In 1957, Pierre Vinken arrived as an assistant abstractor/editor. Vinken studied medicine at Leiden University and was trained to be a neurosurgeon. Within Excerpta Media he eventually managed Section VIII, psychology and neurology. But besides work for this section, he also proved to be an excellent organizer and innovator. In 1964 he was appointed as chairman of the editorial committee and in 1966 as co-director of the publishing house. By that time the publishing company had a permanent staff of 54 medical specialists who took editorial responsibility for 35 abstract journals and reference works. The editorial staff produced the summaries of biomedical articles and allocated the index terms. In the mid-sixties the archive contained more than 1.3 million English-language abstracts and an even larger number of index terms.

(© 1980 NVB; Collectie Jak Boumans)

After his appointment as chairman of the editorial committee Vinken quickly developed plans for the publishing portfolio. He wanted enlarge the number of abstract magazines. In practice, this meant reusing a summary and index terms in several magazines. In order to avoid retyping the abstracts, to prevent typo’s and misspelled index terms and to save time and hiring extra hands, he thought about an automated production street.

During his tenure in the academic hospital in Leiden, he had come into contact with the Hospital Information System (HIS), under development by  prof. dr. A. R. Baker. Inspired by this computer project, Vinken ordered in 1997 a report with technical specifications, which the Excerpta Medica system had to meet. In his quest to realize such a system, Vinken met Frans van der Walle, an aeronautical engineer. He advised him the purchase of a computer, four linked NCR 315 machines. These machines and the data entry activities were integrated in a new software house, Infonet, a joint company of the publisher and Van der Walle. In 1968 a successful trial run was held and after the installation of the system in 1969, the production process was completely realised with the portfolio enlargement and all significant savings.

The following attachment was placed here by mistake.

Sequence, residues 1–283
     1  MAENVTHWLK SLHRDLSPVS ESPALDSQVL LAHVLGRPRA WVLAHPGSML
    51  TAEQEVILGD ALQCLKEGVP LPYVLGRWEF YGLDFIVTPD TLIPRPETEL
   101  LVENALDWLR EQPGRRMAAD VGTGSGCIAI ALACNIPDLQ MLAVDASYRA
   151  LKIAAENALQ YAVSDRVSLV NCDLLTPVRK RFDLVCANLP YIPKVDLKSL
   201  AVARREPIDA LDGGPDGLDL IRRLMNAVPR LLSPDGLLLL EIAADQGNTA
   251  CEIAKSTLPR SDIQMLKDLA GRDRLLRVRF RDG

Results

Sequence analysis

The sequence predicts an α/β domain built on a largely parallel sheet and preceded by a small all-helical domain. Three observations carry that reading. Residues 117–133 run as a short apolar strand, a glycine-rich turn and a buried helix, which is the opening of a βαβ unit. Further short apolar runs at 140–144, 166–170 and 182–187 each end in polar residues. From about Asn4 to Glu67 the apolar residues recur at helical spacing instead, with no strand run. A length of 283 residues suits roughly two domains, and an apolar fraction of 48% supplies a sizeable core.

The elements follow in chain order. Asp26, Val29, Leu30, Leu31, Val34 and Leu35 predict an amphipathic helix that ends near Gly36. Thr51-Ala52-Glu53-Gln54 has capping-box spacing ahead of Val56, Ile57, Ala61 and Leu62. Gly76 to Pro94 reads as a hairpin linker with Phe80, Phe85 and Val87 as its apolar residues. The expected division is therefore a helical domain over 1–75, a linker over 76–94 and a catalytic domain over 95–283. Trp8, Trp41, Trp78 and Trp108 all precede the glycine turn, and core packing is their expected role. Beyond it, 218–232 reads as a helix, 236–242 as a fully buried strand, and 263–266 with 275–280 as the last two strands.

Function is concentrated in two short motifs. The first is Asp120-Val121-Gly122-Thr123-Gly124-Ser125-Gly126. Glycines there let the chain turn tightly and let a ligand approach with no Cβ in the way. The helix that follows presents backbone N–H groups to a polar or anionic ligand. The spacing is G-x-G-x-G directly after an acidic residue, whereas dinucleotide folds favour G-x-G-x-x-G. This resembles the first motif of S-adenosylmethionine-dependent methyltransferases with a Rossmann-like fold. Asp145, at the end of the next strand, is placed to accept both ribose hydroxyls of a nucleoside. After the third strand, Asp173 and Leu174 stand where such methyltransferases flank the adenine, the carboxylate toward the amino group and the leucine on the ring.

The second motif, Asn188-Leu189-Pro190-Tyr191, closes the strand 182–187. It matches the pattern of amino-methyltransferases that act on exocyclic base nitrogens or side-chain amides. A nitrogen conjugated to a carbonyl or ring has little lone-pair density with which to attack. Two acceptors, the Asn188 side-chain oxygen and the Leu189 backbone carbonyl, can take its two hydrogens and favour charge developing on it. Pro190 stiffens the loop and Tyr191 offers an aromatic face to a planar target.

Barry Stern, head Sales EMbase (© 1980 NVB; Collectie Jak Boumans)

By 1974 Excerpta Medica - in 1972 acquired by Elsevier - began to distribute electronically its publications both to pharmaceutical companies for internal use of the research departments as well as to electronic online services such as Dialog Information Service and ESA/IRS. With the launch of the online version, EMbase, the company had become a pioneer of the online industry in the Netherlands and had become a money maker for Elsevier in time.
Illustration from a brochure of Excerpta Medica is printed in the book Tegen idealisme, een biografie van Pierre Vinken, written by Paul Flentrop; Dutch publisher Prometheus (2007)